“Talking about sexuality is where talking about death and dying was 20 or 30 years ago—and we need to break out of that valley of silence,” Katz said. “When we don't give permission for patients to talk about this, we give the message that this is a taboo. And when we don't introduce the topic, we imply that it is not important.”
How Patients Prioritize Sexual Health Needs
A recent survey of 113 women with gynecologic cancer found that patients reported sexual health needs were among their top unmet supportive care needs (Oncology Nursing Forum 2014;41:297-306). Women in the study were given a list of 67 supportive care needs and asked to rate their level of difficulty with each. As the study's lead author, Megan McCallum, PhD, a recent graduate of the Clinical Psychology doctoral program at the University of Ottawa, explained in a phone interview, both “changes in the ability to have sex” and “changes in sexual feelings” ranked among the top 10 unmet needs.
“That answered the question of whether sexual health difficulties were as prominent as some of the other supportive care needs,” McCallum said. “Yes—certainly these needs are very present.”
The surveys also asked women to report whether or not they wanted help addressing those concerns. Whether or not such symptoms are causing patients distress, and whether or not they desire a “fix” for these symptoms are important factors to understand—because they will affect how well interventions will work and how patient-provider discussions about these issues should be handled, McCallum added.
Of the women who reported having difficulty with their ability to have sex, 46 percent wanted help (42% were uncertain). And of the women who experienced difficulty with changes in sexual feelings, 45 percent wanted help (50% were uncertain).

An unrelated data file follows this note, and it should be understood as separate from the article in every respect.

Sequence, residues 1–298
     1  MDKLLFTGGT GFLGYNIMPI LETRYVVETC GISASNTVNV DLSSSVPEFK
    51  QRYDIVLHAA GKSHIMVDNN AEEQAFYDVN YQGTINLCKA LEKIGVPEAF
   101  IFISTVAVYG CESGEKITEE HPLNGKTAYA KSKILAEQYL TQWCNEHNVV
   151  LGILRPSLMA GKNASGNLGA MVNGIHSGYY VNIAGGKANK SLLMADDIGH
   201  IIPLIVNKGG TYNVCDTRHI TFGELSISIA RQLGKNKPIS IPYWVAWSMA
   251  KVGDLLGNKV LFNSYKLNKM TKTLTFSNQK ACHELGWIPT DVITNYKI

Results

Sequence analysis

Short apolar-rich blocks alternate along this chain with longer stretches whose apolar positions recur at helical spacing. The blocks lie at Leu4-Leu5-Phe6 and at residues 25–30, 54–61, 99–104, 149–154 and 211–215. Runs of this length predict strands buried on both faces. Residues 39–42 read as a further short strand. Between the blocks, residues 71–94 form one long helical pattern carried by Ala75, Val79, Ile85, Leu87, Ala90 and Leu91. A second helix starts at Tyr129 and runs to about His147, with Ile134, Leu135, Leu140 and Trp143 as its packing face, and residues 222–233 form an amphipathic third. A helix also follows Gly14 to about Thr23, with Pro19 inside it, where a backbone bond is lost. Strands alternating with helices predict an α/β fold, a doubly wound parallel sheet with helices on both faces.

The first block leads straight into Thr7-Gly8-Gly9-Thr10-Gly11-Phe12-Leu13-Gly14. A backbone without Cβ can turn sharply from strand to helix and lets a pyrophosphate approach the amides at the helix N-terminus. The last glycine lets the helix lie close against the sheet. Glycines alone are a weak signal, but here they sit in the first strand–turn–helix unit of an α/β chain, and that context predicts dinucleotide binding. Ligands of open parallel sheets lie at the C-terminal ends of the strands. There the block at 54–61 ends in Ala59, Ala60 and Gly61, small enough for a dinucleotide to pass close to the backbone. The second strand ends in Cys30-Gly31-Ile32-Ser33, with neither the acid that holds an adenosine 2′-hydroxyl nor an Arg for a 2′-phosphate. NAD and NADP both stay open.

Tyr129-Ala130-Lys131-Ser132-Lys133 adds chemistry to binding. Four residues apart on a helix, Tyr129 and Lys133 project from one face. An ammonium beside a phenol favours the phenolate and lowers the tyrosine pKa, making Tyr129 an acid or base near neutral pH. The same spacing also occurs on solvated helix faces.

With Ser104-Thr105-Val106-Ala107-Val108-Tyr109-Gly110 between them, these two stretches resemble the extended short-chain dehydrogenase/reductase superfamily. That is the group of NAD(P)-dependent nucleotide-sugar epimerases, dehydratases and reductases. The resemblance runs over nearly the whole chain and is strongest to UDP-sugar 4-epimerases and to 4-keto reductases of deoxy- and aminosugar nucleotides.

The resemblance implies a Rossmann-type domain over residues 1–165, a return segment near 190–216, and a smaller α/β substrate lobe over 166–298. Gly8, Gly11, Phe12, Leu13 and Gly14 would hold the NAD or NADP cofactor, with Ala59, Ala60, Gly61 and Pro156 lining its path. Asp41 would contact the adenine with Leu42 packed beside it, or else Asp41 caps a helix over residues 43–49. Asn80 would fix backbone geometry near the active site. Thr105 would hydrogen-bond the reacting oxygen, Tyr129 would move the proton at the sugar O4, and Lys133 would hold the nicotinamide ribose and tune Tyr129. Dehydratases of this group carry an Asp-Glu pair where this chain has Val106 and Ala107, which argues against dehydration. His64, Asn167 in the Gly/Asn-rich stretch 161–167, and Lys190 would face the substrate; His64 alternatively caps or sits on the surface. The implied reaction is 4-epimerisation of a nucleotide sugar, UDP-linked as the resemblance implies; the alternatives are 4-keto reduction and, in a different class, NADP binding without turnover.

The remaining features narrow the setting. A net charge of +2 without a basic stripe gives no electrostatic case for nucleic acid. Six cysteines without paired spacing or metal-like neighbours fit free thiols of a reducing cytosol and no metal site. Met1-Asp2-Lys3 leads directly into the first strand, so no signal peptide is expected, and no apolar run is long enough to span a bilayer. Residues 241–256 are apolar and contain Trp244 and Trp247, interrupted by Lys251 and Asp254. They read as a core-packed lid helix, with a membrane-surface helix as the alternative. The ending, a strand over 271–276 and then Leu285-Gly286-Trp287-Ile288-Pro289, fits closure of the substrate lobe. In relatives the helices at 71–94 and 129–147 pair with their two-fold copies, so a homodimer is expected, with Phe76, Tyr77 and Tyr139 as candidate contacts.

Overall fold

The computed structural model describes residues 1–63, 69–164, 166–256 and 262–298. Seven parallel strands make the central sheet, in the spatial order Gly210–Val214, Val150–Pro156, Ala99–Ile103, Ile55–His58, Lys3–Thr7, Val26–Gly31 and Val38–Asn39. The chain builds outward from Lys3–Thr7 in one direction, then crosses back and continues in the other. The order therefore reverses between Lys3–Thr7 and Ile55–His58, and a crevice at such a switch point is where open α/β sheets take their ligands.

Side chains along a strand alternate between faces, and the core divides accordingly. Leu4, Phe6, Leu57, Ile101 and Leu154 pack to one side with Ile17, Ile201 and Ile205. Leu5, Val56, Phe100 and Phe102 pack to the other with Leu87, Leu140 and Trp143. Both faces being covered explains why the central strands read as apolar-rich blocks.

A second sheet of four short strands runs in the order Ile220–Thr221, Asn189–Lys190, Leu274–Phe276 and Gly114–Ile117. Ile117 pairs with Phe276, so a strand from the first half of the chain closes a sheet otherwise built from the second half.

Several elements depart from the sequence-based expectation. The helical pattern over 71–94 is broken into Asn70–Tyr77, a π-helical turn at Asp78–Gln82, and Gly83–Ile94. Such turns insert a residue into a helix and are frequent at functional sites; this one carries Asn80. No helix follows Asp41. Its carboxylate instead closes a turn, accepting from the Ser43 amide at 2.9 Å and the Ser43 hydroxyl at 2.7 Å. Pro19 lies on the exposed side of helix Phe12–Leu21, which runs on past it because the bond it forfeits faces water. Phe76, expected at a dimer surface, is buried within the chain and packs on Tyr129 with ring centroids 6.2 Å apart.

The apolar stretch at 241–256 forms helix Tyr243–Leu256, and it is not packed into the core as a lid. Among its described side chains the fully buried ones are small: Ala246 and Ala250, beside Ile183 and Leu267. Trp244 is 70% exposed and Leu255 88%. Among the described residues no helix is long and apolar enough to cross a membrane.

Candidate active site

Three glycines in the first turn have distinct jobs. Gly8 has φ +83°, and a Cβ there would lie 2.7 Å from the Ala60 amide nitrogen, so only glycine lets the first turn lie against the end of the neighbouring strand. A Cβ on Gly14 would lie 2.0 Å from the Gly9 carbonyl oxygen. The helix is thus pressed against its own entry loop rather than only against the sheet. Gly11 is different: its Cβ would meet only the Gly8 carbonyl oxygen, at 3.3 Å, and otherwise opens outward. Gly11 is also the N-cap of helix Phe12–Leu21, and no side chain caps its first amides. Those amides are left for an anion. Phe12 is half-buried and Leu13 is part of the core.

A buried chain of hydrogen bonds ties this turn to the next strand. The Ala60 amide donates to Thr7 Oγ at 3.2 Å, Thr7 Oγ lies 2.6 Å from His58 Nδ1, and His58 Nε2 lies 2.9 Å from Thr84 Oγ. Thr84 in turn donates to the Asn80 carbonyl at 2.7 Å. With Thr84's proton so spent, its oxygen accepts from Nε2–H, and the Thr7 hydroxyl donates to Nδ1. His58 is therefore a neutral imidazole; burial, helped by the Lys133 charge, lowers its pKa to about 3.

“While a majority of sexually active women experiencing sexual health difficulties reported they were bothered by their symptoms, some indicated they were not—which emphasizes that individual factors contribute to distress and the need for help,” McCallum said.
When asked specifically about their sexual health needs and changes, 67 percent of the participants reported having at least one sexual difficulty—40 percent reported feeling worried about their sex life, and 76 percent reported having low or no sexual interest.
“These results are telling health care providers that they shouldn't just be asking about whether patients experience symptoms. They need to be asking ‘is this a problem for you?’ before assuming that they should be offering resources.”
Asking the Right Questions
The message from health care providers about patients' sexual health concerns should be that it is important to talk about them and that resources are available to help patients meet those needs, Katz said. “Ask them if they need help. Ask them if they're having issues. Assess what they know and what their current sexual functioning is.”